When it comes to actual make-up, if you're wearing it with a half-smirk and a large glass of vodka pretty much anything goes. I've always thought November is a good time to channel "oligarch's illegitimate daughter lost in St Petersburg" (see Saint Laurent) but you may prefer "Hawaiian beach party with Mario Testino" to get you through the cold, dark evenings at B@1. Don't forget the body glitter. My mum says everyone should have a definitive look by the time they're 30, which is quite scary but means we need to start experimenting as a matter of some urgency. Some ideas: apply kohl eyeliner before bed and by the morning it will be appropriately smudged and sleepy-sexy. Properly applied top eyeliner will make you look like you buy perfume from Dover St Market, just make sure you have a steady hand and access to lots of Q-tips. Glitter is great to throw on all around your eyes if you want people to fall in love with you but be wary taking it up to your brow bone (I'm not convinced that is an actual bone) because it can suddenly and horrifying start to resemble bad metallic eyeshadow. When it comes to lips, if you're one of those people who can rock a wine stain to death with a beret in grainy Photo Booth picture then it's practically illegal for you not to wear one all the time. Blusher, bronzer and contouring are slightly more complex/might require a Youtube tutorial session but definitely do them because it looks quite sexy even when they don't work and you've just got brown/pearlescent stripes on your face. Other things to note: looking tired does not have to be a bad thing and I'm sure you're really pretty when you cry mascara tears so you can stop trying it out in the mirror now that you're technically an adult.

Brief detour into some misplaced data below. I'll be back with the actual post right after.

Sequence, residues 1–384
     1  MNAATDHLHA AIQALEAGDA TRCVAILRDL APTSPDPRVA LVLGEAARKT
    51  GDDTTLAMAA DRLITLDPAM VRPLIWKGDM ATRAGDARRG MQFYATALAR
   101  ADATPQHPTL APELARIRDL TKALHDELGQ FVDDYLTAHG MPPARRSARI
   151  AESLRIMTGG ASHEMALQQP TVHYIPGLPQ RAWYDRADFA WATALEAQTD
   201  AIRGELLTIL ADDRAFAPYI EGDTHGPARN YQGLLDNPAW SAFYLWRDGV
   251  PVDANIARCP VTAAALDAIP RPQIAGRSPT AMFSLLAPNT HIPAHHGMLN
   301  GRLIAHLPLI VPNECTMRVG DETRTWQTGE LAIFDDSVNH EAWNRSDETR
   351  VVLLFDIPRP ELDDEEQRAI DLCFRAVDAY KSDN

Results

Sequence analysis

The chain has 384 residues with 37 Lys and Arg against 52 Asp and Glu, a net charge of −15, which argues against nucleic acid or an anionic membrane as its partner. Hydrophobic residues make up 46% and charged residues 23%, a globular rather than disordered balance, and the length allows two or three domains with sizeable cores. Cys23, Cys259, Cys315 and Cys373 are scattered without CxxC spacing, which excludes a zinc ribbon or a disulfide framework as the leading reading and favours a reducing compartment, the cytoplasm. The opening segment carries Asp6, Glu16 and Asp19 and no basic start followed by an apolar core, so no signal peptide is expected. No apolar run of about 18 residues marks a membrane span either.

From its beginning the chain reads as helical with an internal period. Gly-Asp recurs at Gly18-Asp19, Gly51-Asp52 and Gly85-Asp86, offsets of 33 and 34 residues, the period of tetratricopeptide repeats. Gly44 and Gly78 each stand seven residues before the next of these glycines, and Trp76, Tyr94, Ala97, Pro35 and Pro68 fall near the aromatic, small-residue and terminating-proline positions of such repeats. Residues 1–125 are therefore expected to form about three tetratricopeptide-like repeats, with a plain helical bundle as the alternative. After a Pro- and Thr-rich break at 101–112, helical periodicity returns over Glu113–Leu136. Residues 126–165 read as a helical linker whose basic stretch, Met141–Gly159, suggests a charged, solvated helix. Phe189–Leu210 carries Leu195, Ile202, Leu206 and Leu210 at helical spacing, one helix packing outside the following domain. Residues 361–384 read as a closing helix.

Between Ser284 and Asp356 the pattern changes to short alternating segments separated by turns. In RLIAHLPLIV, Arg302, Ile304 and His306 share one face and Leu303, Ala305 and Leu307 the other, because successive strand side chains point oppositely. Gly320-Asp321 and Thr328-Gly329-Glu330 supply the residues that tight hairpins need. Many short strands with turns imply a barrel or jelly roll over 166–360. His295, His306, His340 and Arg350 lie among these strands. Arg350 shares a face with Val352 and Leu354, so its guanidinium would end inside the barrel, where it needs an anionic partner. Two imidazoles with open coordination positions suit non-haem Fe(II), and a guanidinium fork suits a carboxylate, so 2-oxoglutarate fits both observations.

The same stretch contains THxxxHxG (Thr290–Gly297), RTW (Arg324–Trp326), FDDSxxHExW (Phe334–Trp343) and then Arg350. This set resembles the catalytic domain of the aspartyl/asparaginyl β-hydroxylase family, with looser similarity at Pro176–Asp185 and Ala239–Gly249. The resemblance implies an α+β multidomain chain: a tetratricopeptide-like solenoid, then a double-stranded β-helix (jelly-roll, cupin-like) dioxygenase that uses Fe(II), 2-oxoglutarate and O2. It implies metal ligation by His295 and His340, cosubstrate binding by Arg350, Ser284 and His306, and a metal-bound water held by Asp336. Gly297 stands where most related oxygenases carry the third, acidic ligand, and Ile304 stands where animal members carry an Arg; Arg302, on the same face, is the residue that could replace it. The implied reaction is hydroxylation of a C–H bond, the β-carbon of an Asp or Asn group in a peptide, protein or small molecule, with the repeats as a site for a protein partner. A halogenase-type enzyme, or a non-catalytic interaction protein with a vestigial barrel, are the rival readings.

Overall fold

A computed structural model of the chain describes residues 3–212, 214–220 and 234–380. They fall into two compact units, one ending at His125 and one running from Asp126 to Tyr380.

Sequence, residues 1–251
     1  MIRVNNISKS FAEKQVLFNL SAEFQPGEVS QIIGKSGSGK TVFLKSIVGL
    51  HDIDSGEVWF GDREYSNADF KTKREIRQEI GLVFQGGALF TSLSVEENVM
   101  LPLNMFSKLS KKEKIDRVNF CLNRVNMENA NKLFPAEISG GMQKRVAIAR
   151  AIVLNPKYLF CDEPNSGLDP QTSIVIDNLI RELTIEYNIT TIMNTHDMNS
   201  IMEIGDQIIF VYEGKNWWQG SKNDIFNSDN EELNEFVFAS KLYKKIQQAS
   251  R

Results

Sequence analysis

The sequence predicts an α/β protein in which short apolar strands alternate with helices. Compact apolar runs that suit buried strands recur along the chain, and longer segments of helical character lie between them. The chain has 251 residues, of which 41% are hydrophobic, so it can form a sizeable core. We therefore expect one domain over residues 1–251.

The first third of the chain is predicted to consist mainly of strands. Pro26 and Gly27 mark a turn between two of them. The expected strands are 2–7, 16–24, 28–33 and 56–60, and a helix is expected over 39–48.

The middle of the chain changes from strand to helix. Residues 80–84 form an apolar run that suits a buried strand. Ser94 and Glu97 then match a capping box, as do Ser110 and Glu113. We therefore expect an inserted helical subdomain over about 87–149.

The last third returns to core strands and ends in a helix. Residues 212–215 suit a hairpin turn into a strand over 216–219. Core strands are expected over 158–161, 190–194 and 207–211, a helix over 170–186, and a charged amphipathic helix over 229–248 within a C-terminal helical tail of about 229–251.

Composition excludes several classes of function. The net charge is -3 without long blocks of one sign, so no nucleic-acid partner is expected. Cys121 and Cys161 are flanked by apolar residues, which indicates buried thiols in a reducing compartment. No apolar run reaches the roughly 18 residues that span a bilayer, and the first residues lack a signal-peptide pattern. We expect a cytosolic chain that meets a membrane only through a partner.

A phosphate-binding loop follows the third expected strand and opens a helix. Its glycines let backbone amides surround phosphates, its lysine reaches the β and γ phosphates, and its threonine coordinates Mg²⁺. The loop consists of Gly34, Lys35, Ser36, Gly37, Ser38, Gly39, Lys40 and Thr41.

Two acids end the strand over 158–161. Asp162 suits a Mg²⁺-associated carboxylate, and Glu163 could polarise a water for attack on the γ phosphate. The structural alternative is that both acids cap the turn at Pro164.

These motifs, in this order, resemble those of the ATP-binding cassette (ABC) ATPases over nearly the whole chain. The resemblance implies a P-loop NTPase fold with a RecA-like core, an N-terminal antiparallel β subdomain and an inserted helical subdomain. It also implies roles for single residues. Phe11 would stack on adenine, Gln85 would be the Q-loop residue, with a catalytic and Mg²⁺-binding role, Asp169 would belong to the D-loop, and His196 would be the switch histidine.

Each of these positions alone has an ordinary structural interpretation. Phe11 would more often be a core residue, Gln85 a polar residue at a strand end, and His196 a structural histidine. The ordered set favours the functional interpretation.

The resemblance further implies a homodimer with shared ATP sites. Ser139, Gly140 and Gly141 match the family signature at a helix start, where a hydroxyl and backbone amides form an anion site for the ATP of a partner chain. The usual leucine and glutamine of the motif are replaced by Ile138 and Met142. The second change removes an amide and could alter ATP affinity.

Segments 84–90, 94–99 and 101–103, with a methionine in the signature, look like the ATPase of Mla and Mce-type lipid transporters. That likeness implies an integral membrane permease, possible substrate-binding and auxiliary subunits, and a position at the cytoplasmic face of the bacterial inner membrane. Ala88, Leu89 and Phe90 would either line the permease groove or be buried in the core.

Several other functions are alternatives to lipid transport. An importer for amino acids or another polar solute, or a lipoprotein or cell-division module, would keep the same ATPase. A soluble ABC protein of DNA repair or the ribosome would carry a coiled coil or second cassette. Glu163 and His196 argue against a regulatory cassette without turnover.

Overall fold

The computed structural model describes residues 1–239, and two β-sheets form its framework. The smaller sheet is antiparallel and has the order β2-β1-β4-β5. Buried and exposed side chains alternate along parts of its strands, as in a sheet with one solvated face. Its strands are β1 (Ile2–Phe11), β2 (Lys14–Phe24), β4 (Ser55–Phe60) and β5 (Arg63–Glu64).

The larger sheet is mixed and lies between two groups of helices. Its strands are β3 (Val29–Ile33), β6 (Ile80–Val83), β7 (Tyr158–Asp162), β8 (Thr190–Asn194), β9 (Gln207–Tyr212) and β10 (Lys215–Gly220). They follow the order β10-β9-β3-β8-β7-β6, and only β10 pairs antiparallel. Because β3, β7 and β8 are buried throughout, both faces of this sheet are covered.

The only really important thing I've learned about hair is that parting it where it doesn't want to part will resemble a combover irrespective of whether you splurged on Aussie 3-minute-miracle this month or not. When your hair is damp brush it backwards from the front and shake your head until it falls naturally to either side. This is your parting. Accept it or get a fringe. If you have relatively curly hair, brushing and plaiting it at night will save you the sadness of crushed and straggly ringlets every other morning. If you have straight hair I can't imagine how easy and carefree your stupid life must be so please don't talk to me.

Between December 1st and January 2nd just accept you will make some utterly terrible beauty decisions. Go make-up shopping in Covent Garden and drink a caramel latte like that's not the most twee and absurd thing you've done in a decade. Revel in bad taste, smudge on more gold-flecked black eyeshadow, slick on more "Mulled Wine" cinnamon lip gloss and then wake up next year and pretend it never happened.

Embrace weirdness, forget about being flawless and emphasise everything you hated when you were a teenager. If in doubt, Margot Tenenbaum. Check your teeth.


Text Bertie Brandes
Photography Kimi Hammerstroem
Artwork Eve at the Digi Fairy
Styling Pandora Lennard
Hair Nicole Kahlani at The Book Agency using Fudge
Make-up Danielle Kahlani at The Book Agency using M.A.C
Styling assistance Holly Hobkirk
Hair assistance Elizabeth Befers
Make-up assistance Kamila Forini, Jenny Morrell
Nails Amy Atkins using Illamasqua
Location Recession Studio
Model Anja Konstantinova at Premier